- He had worked on it and thought about it for a long time.
- A strong message needed to be sent out to constituents that Senators were serious.
- It was the right thing to do.
- Time and energy spent are moot if an act is dubious to begin with. A songwriter may spend a chunk of time and energy coming up with "Fifty Ways To Leave Your Lover," but that does not mean leaving a lover is always a moral course of action.
- Anybody can send a message that Senators are serious; the real acid test is what ethical restrictions the Senate actually comes up with to apply to themselves, not whether they symbolically purge a couple of easy targets from their midst. Asking two indicted Senators to leave does not accomplish meaningful ethical reform.
- "What is the right thing to do?" is exactly the question. Sen. Bryson made no mention of what made his bill "the right thing to do." He was begging the question and talking in circles without giving any answers.
My overall impression was that Bryson was attempting to scapegoat, so that a surrogate would take the heat off of the legislature. And I do not mean that Crutchfield and Bowers were the sacrificial victims. I believe that Bryson was quite willing to sacrifice due process--that accused individuals in general are innocent until proven guilty--in order to give his party a strategic advantage in front of rolling cameras in what may well be a protracted struggle over reforming state government.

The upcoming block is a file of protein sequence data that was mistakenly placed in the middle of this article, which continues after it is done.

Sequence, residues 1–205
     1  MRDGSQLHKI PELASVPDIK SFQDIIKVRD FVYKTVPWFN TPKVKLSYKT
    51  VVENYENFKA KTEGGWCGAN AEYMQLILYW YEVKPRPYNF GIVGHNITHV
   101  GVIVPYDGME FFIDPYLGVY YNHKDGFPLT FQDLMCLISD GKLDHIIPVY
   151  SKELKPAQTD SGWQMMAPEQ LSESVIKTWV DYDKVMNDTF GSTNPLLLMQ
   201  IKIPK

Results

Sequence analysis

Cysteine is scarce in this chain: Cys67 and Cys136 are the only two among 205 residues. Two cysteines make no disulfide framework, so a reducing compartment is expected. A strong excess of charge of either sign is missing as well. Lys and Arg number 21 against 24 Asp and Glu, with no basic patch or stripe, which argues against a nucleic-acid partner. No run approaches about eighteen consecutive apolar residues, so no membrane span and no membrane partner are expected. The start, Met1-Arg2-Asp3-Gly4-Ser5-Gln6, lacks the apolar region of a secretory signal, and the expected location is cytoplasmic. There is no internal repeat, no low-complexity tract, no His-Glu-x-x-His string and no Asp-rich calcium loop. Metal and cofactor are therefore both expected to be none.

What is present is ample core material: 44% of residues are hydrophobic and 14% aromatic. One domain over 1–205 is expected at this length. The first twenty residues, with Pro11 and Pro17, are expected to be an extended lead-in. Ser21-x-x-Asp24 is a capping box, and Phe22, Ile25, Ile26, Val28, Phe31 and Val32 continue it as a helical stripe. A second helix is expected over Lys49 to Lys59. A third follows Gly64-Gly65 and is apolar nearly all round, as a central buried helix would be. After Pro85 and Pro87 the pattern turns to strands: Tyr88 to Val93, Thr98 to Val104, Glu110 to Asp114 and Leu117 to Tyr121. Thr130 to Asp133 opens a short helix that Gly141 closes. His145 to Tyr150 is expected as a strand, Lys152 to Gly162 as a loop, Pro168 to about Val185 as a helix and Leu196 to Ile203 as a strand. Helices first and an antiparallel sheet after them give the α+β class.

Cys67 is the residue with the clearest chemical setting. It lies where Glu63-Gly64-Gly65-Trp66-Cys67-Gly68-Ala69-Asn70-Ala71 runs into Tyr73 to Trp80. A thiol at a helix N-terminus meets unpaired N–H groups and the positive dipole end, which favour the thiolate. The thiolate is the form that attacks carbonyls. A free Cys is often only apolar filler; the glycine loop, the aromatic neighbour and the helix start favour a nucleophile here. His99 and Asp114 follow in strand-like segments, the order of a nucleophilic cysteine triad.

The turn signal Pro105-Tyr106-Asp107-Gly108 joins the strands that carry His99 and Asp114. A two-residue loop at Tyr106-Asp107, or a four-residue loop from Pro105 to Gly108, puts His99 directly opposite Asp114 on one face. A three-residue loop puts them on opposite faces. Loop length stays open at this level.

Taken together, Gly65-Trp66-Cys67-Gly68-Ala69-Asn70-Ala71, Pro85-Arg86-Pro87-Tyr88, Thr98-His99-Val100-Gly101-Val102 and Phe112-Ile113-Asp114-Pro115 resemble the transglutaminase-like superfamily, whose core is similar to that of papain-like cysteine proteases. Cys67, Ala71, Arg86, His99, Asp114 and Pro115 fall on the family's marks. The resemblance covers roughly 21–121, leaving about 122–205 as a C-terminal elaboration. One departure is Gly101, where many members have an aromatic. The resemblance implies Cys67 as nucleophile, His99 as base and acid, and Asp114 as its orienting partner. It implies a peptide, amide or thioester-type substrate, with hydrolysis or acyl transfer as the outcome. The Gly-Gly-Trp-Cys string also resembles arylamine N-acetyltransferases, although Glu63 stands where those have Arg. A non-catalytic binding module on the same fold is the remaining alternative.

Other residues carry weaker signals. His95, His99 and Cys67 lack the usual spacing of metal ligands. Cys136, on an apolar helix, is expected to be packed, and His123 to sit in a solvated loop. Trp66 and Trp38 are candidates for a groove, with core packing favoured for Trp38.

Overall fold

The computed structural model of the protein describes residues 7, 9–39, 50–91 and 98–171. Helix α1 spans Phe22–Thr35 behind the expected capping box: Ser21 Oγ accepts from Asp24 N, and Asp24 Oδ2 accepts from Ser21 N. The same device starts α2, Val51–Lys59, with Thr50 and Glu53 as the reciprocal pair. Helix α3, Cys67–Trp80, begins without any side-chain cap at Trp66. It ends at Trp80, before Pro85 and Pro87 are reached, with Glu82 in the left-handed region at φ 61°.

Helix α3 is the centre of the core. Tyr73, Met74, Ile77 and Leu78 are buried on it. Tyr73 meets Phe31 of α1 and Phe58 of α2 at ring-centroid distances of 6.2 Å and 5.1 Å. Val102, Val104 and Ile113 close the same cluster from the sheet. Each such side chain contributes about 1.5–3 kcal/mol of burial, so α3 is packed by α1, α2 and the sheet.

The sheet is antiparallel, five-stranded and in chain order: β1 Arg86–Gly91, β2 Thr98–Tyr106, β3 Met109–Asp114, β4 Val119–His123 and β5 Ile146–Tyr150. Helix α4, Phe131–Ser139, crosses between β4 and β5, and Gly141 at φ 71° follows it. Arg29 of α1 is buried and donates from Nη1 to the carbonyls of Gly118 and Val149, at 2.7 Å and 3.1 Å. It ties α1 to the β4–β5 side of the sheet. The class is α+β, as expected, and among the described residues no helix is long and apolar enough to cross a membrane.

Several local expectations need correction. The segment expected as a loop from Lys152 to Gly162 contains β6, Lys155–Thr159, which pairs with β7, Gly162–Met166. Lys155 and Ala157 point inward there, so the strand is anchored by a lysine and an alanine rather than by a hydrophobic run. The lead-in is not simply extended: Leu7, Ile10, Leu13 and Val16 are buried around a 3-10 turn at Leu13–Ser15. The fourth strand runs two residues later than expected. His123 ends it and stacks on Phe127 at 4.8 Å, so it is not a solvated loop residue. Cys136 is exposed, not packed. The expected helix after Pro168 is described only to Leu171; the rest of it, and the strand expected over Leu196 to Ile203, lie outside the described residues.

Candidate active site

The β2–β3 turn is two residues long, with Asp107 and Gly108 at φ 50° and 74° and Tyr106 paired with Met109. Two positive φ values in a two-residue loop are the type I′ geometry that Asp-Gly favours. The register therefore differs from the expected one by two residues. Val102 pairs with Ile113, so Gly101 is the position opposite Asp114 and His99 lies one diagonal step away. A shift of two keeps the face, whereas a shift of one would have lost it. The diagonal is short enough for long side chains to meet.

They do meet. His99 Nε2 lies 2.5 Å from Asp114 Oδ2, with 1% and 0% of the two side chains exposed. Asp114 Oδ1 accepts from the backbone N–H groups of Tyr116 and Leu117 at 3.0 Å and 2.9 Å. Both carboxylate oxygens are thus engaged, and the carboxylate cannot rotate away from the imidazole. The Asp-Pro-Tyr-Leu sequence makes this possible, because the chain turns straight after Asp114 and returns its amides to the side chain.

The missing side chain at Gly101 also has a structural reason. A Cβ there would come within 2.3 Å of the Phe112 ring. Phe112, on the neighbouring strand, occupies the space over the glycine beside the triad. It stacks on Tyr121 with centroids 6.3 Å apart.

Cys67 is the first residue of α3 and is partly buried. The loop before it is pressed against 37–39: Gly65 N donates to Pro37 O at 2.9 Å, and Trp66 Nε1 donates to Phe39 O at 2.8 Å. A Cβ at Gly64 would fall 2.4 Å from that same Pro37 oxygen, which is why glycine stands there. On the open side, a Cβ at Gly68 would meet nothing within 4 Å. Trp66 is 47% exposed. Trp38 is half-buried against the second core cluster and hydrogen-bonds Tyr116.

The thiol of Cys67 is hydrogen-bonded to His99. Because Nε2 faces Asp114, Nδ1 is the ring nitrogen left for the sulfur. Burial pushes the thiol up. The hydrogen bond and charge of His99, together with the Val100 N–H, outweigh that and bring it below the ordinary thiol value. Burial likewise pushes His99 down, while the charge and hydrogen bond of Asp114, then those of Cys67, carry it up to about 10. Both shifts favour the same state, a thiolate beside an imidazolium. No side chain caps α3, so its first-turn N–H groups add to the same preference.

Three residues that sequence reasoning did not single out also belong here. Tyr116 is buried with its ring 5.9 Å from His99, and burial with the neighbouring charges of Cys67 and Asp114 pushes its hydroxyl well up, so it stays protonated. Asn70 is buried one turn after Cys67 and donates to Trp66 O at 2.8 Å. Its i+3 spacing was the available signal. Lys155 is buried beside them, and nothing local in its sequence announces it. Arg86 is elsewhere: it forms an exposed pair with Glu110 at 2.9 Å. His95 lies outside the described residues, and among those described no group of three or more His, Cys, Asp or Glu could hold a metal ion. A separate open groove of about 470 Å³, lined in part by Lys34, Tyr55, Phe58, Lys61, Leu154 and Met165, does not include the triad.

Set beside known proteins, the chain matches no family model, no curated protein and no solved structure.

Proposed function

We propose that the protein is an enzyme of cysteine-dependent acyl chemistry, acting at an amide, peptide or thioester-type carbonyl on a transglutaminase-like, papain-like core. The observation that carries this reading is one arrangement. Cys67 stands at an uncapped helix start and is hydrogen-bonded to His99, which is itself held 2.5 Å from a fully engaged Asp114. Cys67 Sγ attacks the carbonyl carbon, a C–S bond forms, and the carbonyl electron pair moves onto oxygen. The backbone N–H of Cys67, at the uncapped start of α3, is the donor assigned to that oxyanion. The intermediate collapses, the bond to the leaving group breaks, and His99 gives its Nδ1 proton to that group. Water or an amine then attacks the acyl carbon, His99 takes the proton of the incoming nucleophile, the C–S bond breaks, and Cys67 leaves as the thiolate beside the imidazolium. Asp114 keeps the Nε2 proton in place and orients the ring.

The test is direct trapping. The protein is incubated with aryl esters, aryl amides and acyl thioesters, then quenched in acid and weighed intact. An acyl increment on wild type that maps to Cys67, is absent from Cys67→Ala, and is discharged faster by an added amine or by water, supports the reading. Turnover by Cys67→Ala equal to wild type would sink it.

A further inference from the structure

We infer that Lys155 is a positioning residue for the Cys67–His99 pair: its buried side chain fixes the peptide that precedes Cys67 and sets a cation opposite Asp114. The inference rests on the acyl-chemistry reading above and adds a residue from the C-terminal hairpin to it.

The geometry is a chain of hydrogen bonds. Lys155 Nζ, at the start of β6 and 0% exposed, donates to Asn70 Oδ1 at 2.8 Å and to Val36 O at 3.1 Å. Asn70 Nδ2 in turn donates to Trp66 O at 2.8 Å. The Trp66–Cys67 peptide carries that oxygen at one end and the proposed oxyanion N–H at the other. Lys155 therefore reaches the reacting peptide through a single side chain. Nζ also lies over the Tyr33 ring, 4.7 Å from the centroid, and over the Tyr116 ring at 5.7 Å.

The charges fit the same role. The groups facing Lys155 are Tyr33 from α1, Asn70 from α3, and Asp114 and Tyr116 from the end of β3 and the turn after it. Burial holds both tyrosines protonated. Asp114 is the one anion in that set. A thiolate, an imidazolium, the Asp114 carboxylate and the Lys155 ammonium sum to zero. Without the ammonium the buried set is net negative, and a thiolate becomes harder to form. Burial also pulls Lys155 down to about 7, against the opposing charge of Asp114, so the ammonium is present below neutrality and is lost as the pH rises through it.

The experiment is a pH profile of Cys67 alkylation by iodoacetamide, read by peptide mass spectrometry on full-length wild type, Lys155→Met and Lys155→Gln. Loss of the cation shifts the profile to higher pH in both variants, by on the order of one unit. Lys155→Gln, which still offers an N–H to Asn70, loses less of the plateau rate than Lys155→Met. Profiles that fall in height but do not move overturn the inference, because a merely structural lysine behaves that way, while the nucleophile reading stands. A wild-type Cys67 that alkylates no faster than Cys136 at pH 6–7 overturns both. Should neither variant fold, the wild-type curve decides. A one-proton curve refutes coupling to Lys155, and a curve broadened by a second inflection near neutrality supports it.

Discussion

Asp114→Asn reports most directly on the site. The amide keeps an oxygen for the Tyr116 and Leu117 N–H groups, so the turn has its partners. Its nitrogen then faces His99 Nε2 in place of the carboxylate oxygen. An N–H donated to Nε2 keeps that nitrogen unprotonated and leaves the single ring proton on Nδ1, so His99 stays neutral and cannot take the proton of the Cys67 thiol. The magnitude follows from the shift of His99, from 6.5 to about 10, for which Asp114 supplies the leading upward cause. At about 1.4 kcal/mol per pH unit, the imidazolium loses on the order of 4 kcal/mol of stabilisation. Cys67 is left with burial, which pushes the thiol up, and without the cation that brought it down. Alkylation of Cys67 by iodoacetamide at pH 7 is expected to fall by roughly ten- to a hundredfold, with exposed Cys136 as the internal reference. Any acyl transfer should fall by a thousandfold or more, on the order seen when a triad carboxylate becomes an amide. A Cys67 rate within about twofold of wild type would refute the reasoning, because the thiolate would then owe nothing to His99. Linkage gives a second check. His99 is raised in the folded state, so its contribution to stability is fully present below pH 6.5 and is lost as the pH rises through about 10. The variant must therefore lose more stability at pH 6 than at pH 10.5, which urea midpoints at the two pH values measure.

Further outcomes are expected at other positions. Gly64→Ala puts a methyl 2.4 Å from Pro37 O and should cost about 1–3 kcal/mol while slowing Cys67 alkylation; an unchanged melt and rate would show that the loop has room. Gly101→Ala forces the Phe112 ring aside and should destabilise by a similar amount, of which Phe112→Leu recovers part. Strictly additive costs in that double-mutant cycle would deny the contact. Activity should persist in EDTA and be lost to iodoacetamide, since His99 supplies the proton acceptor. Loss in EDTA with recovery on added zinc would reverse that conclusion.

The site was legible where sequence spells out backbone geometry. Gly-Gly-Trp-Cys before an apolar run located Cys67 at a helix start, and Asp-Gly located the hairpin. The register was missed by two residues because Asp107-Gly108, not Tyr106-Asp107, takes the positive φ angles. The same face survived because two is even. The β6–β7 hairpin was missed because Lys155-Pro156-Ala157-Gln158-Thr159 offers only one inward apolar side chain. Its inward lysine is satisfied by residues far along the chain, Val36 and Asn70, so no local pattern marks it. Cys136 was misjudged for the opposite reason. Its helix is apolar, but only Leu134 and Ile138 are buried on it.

01/12/2006, 9:00 p.m. Update: MooreThoughts posts an e-mail from Sen. Bryson that lends some insight into his motivation. He writes that the "very presence [of Sen. Crutchfield and Sen. Bowers] adds to the tension" in Senate chambers. I once had a football coach who offered sage advice that I think applies to the Senator: "Suck it up." I don't care if Old Scratch himself is sitting beside you with his red-hot pitch fork aimed at your sweat-soaked bum, Senator. You are an adult and an elected representative who is supposed to be doing what is best for the people regardless of who is making you a little more tense than you otherwise might be. There is no good reason why the presence of a couple of indicted Senators should delay the process of ethics reform.
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